Moral Luck in Medical Ethics and Practical Politics

Dickenson, Donna (1989). Moral Luck in Medical Ethics and Practical Politics. PhD thesis The Open University.



Typically we maintain two incompatible standards towards right action and good character, and the tension between these polarities creates the paradox of moral luck. In practice we regard actions as right or wrong, and character as good or bad, partly according to what happens as a result of the agent's decision. Yet we also think that people should not be held responsible for matters beyond their control.

This split underpins Kant's assertion that only the good will is securely good, that its goodness is impervious to outcome ill-luck. Some commentators, such as Martha Nussbaum and to some extent Bernard Williams, think that this simply writes off the paradox. Williams asserts that the paradox is insoluble, and that its inescapability threatens the notion of agent responsibility. In contrast Thomas Nagel argues that agents' most cherished projects may be indeed be subject to luck, but that does not mean that their deepest motivations are moral. This, I suggest, is one of several means whereby we might limit the effect of the paradox without denying that the tension exists. But I also argue that it is wrong to accuse Kant of ignoring the paradox.

Ethical consequentialists, on the other hand, appear to have no problem with moral luck, because the paradox depends on a dichotomy between the outside world and the locus of moral worth in the individual agent. But this turns out not to be true. The problem of moral luck is not some strange Kantian fixation, but a general dilemma: a variant on what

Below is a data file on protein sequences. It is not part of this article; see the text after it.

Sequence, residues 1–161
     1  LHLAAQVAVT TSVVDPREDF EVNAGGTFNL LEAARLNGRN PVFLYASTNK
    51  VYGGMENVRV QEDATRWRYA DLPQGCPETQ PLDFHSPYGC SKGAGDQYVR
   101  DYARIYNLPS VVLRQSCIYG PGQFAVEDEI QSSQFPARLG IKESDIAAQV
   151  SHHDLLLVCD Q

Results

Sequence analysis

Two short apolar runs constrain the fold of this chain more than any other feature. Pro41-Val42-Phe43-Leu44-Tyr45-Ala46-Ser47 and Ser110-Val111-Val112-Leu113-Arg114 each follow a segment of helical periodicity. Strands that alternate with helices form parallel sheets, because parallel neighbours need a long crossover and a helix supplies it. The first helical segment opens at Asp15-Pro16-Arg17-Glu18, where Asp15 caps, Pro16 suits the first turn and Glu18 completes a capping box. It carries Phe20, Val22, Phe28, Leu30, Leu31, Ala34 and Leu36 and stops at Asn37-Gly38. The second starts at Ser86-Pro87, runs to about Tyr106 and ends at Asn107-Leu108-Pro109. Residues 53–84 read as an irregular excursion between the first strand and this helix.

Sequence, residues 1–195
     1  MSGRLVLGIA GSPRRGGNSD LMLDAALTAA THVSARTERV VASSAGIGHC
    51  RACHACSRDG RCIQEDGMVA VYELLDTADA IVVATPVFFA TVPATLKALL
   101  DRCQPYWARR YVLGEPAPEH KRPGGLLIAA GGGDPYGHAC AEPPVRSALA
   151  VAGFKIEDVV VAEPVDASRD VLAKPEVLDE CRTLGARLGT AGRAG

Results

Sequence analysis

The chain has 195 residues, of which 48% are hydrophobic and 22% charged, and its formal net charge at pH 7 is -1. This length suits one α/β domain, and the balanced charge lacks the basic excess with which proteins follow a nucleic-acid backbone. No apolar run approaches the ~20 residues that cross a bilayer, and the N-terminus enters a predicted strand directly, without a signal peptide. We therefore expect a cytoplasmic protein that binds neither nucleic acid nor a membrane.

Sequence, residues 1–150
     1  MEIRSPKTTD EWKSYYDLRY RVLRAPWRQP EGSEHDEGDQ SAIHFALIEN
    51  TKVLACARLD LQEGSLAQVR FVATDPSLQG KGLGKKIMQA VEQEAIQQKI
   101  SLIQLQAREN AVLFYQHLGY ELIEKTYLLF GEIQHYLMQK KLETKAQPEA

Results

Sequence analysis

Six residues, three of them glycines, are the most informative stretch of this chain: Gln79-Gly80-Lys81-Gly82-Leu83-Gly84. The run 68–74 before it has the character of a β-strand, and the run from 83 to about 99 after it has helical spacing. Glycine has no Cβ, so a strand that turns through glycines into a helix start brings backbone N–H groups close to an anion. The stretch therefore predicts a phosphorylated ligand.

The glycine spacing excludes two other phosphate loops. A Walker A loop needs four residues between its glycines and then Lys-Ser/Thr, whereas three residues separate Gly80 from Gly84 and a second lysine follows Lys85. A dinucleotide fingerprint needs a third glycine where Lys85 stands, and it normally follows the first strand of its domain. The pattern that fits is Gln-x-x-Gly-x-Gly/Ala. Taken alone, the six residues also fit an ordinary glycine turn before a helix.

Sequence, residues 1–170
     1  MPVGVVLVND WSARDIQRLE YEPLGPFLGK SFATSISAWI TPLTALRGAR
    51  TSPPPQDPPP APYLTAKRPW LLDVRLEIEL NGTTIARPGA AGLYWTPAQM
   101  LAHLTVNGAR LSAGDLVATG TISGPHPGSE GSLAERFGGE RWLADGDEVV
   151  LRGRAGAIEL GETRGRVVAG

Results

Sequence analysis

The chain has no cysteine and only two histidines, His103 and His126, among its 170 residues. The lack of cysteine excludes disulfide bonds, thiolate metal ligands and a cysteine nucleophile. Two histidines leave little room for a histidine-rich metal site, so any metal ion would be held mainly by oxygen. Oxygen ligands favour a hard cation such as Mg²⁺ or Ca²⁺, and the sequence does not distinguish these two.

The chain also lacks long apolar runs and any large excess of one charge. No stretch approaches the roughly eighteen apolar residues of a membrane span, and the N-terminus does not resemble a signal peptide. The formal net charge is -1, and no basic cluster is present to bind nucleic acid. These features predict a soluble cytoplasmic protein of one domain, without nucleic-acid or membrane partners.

Nagel terms "the problem of excess objectivity" which cuts across all of ethics and metaphysics.

Retaining a broadly Kantian notion of agent-responsibility, but limiting what agents are responsible for, requires us to delineate the realm of ethics more narrowly than has been done by those who believe that the rational and/or prudential are coterminous with the ethical. This strategy for minimising the paradox's impact is explored in two areas from medical ethics, the allocation of scarce medical resources and informed consent, and two from public policy, secrecy and nuclear deterrence. Throughout, the analysis seeks to test Nagel's maxim that the best we can hope for is to act in such a manner that we would not have to revise our opinion of how we should have acted once the consequences of our actions become apparent.

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